Scholars believe the Albanian people are descended from a non-Slavic, non-Turkic group of tribes known as Illyrians, who arrived in the Balkans around 2000 BCE. Modern Albanians still distinguish between Ghegs (northern tribes) and Tosks (southern tribes). After falling under Roman authority in 165 BCE, Albania was controlled nearly continuously by a succession of foreign powers until the mid-20th century, with only brief periods of genuine self-rule.
Following the split of the Roman Empire in 395, the Byzantine Empire established its control over present-day Albania. In the 11th century, Byzantine Emperor Alexius I Comnenus made the first recorded reference to a distinct area of land known as Albania and its people.
The Ottoman Empire ruled Albania from 1385-1912. During this time, much of the population converted to the Islamic faith, and Albanians also emigrated to Italy, Greece, Egypt and Turkey. Although its control was briefly disrupted during the 1443-78 revolt, led by Albania's national hero, Gjergj Kastrioti Skenderbeg, the Ottomans eventually reasserted their dominance.
In the early 20th century, the weakened Ottoman Empire was no longer able to suppress Albanian nationalism. The League of Prizen promoted the idea of an Albanian nation-state and established the modern Albanian alphabet. Following the conclusion of the First Balkan War, Albanians issued the Vlore Proclamation of November 28, 1912, declaring independence. Albania's borders were established by the Great Powers in 1913. Albania's territorial integrity was confirmed at the Paris Peace Conference in 1919, after U.S. President Woodrow Wilson dismissed a plan by the European powers to divide Albania amongst its neighbors.
During the Second World War, Albania was occupied first by Italy (1939-43) and then by Germany (1943-44). After the war, Communist Party leader Enver Hoxha, through a combination of ruthlessness and strategic alliances, managed to preserve Albania's territorial integrity during the next 40 years, but exacted a terrible price from the population, which was subjected to purges, shortages, repression of civil and political rights, a total ban on religious observance, and increased isolation. Albania adhered to a strict Stalinist philosophy, eventually withdrawing from the Warsaw Pact in 1968, and even alienating its final remaining ally, China.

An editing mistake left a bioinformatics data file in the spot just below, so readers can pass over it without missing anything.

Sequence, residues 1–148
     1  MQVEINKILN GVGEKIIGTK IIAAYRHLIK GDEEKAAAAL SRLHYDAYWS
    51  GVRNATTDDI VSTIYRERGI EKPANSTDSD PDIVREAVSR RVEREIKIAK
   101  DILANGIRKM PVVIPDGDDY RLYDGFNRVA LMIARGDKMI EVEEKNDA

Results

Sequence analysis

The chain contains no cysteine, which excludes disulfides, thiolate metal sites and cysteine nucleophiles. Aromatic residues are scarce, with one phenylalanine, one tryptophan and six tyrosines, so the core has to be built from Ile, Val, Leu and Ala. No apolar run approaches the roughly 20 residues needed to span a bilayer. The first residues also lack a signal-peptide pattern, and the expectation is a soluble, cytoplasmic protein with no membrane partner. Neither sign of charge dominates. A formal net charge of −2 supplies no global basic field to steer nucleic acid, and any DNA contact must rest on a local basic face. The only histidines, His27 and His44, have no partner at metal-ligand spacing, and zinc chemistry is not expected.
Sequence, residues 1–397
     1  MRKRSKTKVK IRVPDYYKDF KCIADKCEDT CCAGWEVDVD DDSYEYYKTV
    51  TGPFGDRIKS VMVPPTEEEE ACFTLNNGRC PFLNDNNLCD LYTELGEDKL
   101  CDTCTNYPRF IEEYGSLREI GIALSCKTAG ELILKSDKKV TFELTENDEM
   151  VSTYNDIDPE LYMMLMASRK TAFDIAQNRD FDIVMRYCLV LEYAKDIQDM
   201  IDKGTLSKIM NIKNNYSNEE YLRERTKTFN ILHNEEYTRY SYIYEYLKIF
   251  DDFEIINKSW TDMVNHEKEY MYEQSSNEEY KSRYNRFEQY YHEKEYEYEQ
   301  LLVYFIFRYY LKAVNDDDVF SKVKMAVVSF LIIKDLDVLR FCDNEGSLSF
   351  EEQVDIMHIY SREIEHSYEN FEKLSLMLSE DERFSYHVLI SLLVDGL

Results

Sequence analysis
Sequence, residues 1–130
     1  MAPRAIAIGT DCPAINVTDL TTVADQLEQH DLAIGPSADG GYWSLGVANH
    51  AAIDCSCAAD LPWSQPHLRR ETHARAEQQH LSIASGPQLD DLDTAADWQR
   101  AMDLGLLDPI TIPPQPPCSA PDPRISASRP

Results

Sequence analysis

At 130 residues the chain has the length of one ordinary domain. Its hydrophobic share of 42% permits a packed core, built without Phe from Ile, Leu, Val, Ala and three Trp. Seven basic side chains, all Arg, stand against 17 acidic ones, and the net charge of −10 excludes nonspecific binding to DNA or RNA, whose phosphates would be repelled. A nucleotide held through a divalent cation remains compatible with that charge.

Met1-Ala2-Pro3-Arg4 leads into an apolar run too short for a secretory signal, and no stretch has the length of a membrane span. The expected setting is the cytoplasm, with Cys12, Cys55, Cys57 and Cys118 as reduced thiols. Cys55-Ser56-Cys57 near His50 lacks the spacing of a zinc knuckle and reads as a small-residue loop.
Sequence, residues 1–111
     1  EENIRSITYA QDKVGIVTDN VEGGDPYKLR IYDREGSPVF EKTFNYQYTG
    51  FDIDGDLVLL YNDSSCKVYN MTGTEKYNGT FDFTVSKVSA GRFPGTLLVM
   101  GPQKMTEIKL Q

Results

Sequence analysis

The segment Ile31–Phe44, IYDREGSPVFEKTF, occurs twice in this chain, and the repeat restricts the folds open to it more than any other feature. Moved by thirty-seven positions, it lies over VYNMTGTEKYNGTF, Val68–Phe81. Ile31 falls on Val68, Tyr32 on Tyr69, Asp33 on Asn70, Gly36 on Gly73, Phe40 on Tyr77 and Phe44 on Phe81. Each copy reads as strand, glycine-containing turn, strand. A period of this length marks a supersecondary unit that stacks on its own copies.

Following Hoxha's death in 1985 and the subsequent fall of Communism in 1991, Albanian society struggled to overcome its historical isolation and underdevelopment. During the initial transition period, the Albanian Government sought closer ties with the West in order to improve economic conditions and introduced basic democratic reforms, including a multi-party system.
In 1992, after the sweeping electoral victory of the Democratic Party, Sali Berisha became the first democratically elected President of Albania. Berisha began a more deliberate program of economic and democratic reform, but progress on these issues stalled in the mid-1990s, due to political gridlock. At the same time, unscrupulous investment companies defrauded investors all over Albania using pyramid schemes. In early 1997, several of these pyramid schemes collapsed, leaving thousands of people bankrupt, disillusioned, and angry. Armed revolts broke out across the country, leading to the near-total collapse of government authority. During this time, Albania's inadequate and antiquated infrastructure suffered tremendous damage, as people looted public works for building materials. Weapons depots all over the country were raided. The anarchy of early 1997 alarmed the world and prompted intensive international mediation.
Order was restored by a UN Multinational Protections Force, and an interim national reconciliation government oversaw the general elections of June 1997, which returned the Socialists and their allies to power at the national level. President Berisha resigned, and the Socialists elected Rexhep Meidani President of the Republic. Between 1997 and 2002, a series of short-lived governments succeeded one another. Fatos Nano, Chairman of the Socialist Party, has been Prime Minister since July 2002.
During the transitional period of 1997-2002, Albania's fragile democratic structures forged ahead. Additional political parties formed, media outlets expanded, non-governmental organizations and business associations developed. In 1998, Albanians ratified a new constitution via popular referendum, guaranteeing the rule of law and the protection of fundamental human rights.
On July 24, 2002, Alfred Moisiu was sworn in as President of the Republic. A nonpartisan figure, nominally associated with the Democratic Party, he was elected as a consensus candidate of the ruling and opposition parties. The peaceful transfer of power from Meidani to Moisiu was the result of an agreement between the parties to engage each other within established parliamentary structures. This "truce" ushered in a new period of political stability in Albania, making possible significant progress in democratic and economic reforms, rule of law initiatives, and the development of Albania's relations with its neighbors and the U.S.